My first job ever when I was 15 years old was at a local ice cream shop called Newport Creamery. During my sophomore year of high school I scooped ice cream, I made sundaes, I blended milkshakes like it was my job. Because it was. When I was asked to participate in The Great Shake 2012, a virtual milkshake party, it definitely brought back memories! A group of bloggers all received copies of Adam Reid's book Thoroughly Modern Milkshakes. We had the opportunity to explore the book and test out recipes to share for the "party."
First of all, I must say that I really enjoyed checking out the book. Milkshakes are clearly a passion for Adam and I can see that through each tip that is shared, from tools to ingredients and techniques. I also love the historical and regional notes that were included in the book, pointing out different terminology for frozen drinks from different time periods and different parts of the country.
As a born and bred New Englander, I am very familiar with the term "frappe" which is used for milkshakes through parts of Massachusetts and Rhode Island. In fact, during my training at Newport Creamery, this is what I was taught was an actual milkshake. If someone ordered a milkshake and not a frappe, I was supposed to just whip together milk and flavored syrup. I can promise there were disappointed customers who did not know the proper terminology for where they were :)
Also, I was very amused to not only read Adam's comments about another local term for milkshake, a "cabinet," but also see his recipe for a "coffee cabinet" a very traditional Rhode Island shake. I'd like to add that my very first customer ever at Newport Creamery ordered a coffee cabinet, and I was so nervous that I didn't properly blend all of the ice cream into the shake. When I went to serve it to her, she responded quite dryly, "You have to blend it!" Ooops! A memory I'll never forget that was freshened by a look at this deeply researched and thoughtful book.
Though I was tempted to make the coffee cabinet, for old times' sake, I elected to try something new. The date-buttermilk shake sounded really unique and refreshing. It was easy to make and the mild date flavor was very nice. I also really loved the tangy finish from the incorporation of the buttermilk. There are so many other yummy sounding shakes in this book and a whole summer ahead of me to try more of them! I hope you enjoy this milkshake party and check out the other blogs participating!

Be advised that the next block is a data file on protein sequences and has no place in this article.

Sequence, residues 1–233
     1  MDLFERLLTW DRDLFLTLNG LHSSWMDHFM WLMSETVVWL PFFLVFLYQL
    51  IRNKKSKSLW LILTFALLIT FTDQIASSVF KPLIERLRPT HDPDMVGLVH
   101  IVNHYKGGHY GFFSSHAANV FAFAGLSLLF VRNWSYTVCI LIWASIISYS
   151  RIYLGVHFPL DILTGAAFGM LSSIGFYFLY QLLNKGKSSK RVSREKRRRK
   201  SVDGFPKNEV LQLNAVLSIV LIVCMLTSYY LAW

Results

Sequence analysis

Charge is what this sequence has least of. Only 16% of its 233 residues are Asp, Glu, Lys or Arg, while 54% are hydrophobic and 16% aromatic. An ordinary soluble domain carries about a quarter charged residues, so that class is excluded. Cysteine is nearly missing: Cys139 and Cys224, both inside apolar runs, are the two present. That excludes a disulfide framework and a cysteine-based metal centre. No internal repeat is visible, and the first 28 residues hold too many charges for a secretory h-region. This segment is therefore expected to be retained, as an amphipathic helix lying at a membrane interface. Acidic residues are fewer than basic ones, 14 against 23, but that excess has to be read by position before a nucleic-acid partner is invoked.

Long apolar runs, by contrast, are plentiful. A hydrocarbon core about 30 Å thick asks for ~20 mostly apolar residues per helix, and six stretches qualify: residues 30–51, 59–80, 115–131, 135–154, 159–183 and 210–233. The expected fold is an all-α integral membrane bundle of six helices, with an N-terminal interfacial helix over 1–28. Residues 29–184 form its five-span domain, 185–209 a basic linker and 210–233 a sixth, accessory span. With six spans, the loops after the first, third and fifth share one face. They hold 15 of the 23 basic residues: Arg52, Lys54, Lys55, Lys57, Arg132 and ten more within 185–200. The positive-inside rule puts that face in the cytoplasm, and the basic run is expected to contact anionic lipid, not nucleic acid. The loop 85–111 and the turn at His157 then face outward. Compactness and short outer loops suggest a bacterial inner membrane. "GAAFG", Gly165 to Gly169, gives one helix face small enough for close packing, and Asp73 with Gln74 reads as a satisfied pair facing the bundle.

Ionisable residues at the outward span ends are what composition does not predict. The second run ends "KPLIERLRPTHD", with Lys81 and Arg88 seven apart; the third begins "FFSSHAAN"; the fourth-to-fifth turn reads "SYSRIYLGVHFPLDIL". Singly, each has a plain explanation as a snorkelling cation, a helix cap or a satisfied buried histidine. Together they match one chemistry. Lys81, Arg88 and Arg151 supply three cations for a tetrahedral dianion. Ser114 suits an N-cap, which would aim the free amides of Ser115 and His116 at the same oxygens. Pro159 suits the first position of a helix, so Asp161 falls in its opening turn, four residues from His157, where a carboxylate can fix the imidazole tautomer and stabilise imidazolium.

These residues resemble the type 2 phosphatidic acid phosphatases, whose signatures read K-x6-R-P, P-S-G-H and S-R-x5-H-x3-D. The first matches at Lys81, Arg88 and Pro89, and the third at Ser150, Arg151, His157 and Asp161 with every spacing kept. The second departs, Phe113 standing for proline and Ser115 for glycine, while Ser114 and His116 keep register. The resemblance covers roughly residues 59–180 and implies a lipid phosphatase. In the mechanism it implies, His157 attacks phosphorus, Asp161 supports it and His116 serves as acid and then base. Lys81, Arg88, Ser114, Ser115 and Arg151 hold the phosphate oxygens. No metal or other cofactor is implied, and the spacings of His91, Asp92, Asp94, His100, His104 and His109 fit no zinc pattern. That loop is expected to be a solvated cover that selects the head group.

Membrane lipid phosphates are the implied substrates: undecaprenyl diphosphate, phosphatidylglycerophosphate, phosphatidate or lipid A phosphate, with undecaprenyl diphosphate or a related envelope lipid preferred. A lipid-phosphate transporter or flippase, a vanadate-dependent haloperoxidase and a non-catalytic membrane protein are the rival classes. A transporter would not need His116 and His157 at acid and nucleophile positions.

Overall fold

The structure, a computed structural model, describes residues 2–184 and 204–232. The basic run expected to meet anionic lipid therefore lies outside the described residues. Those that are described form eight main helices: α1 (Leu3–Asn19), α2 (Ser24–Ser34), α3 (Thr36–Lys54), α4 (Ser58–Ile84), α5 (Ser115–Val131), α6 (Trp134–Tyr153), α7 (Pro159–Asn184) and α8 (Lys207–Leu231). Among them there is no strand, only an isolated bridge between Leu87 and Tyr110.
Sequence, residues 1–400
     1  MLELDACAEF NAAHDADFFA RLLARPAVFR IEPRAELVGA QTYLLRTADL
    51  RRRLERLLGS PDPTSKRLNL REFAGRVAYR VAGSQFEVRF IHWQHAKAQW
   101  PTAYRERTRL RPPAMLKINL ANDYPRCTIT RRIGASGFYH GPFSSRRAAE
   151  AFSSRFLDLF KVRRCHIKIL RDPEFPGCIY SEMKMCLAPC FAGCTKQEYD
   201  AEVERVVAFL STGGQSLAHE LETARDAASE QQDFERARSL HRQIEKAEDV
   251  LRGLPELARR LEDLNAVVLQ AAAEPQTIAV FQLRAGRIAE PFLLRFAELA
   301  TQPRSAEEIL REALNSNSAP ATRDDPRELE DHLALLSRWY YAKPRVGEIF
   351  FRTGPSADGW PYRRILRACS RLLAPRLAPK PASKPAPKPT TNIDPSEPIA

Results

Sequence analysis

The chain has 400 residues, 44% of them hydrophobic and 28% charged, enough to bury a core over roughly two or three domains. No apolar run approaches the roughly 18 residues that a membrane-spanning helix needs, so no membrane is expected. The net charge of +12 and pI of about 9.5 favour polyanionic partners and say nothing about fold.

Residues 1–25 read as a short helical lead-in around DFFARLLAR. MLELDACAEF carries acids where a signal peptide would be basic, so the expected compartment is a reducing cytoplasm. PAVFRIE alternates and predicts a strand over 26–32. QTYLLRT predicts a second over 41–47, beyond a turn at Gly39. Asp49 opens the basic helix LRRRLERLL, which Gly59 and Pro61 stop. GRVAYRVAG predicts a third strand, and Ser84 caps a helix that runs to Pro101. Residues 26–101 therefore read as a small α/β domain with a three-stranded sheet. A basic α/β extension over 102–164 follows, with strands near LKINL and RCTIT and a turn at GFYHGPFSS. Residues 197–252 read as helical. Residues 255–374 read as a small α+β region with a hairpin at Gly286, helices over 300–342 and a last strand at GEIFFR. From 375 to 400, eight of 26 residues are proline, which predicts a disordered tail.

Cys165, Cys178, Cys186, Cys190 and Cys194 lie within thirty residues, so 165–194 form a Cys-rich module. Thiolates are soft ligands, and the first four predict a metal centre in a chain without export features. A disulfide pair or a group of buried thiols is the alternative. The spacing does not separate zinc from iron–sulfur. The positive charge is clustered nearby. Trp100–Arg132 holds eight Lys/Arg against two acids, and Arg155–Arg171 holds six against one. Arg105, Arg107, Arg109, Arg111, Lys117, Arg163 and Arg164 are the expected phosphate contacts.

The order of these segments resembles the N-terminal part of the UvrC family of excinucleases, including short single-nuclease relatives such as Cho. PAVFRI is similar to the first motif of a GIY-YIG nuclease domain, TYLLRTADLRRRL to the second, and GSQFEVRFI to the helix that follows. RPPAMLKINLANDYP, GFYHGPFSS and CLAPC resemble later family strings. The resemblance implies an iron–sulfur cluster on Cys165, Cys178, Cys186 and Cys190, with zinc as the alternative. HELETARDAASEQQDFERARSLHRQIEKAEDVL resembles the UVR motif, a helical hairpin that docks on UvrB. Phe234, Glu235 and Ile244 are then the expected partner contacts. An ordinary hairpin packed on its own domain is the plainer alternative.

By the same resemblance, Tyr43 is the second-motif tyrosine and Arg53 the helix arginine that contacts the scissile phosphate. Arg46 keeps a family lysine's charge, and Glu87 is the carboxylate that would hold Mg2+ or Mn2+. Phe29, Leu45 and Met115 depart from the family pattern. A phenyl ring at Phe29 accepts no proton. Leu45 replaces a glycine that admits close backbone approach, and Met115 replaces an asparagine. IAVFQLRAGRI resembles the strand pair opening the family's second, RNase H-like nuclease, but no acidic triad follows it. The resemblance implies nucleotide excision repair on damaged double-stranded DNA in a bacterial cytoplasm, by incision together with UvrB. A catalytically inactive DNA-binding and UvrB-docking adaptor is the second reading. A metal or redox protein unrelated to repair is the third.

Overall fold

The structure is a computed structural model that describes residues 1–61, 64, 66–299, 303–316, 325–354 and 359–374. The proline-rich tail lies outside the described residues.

|Date-Buttermilk Shakes... probably would have fit better in 2 glasses, but there were 3 of us :)|
Makes about 3 1/2 cups (28 oz)
(from Thoroughly Modern Milkshakes)
8 medium dried dates (about 4 1/2 oz) pitted and roughly chopped (about 1/2 cup)
1/2 cup cold buttermilk
1/4 tsp. pure vanilla extract
7 medium scoops French vanilla ice cream (about 1 3/4 pints or 21 oz), softened until just melty around the edges
To soften the dates, place them in a small saucepan with water to cover over medium-high heat and bring to a simmer. Off the heat, cool the mixture to room temperature and drain the dates.
For the shake, place the buttermilk, vanilla extract, and dates in a blender to break down the dates completely, about 1 minute. Add the ice cream and pulse several times to begin breaking it up. The the blender motor off, use a flexible spatula to mash the mixture down into the blender blades. Continue pulsing, stopping and mashing until the mixture is well blended, thick, and moves easily in the blender jar, roughly 30 to 90 seconds. Pour into a chilled glass or glasses and serve at once.